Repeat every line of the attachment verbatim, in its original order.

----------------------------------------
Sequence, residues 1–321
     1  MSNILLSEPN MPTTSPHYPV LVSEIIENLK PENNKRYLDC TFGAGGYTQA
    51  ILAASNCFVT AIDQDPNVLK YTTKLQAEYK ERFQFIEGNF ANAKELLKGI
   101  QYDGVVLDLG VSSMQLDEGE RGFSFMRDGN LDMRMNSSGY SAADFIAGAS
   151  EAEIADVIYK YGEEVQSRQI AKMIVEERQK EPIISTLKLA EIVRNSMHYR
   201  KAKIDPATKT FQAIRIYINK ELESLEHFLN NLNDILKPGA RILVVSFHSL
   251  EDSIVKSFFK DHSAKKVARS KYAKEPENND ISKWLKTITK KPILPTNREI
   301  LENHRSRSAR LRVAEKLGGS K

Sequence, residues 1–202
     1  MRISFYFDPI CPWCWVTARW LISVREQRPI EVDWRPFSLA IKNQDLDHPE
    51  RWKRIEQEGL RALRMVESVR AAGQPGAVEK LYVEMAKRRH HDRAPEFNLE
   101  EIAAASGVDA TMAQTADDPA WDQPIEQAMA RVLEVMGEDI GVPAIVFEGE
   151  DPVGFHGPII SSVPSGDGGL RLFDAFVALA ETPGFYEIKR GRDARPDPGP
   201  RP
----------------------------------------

Sequence, residues 1–321
     1  MSNILLSEPN MPTTSPHYPV LVSEIIENLK PENNKRYLDC TFGAGGYTQA
    51  ILAASNCFVT AIDQDPNVLK YTTKLQAEYK ERFQFIEGNF ANAKELLKGI
   101  QYDGVVLDLG VSSMQLDEGE RGFSFMRDGN LDMRMNSSGY SAADFIAGAS
   151  EAEIADVIYK YGEEVQSRQI AKMIVEERQK EPIISTLKLA EIVRNSMHYR
   201  KAKIDPATKT FQAIRIYINK ELESLEHFLN NLNDILKPGA RILVVSFHSL
   251  EDSIVKSFFK DHSAKKVARS KYAKEPENND ISKWLKTITK KPILPTNREI
   301  LENHRSRSAR LRVAEKLGGS K

Sequence, residues 1–202
     1  MRISFYFDPI CPWCWVTARW LISVREQRPI EVDWRPFSLA IKNQDLDHPE
    51  RWKRIEQEGL RALRMVESVR AAGQPGAVEK LYVEMAKRRH HDRAPEFNLE
   101  EIAAASGVDA TMAQTADDPA WDQPIEQAMA RVLEVMGEDI GVPAIVFEGE
   151  DPVGFHGPII SSVPSGDGGL RLFDAFVALA ETPGFYEIKR GRDARPDPGP
   201  RP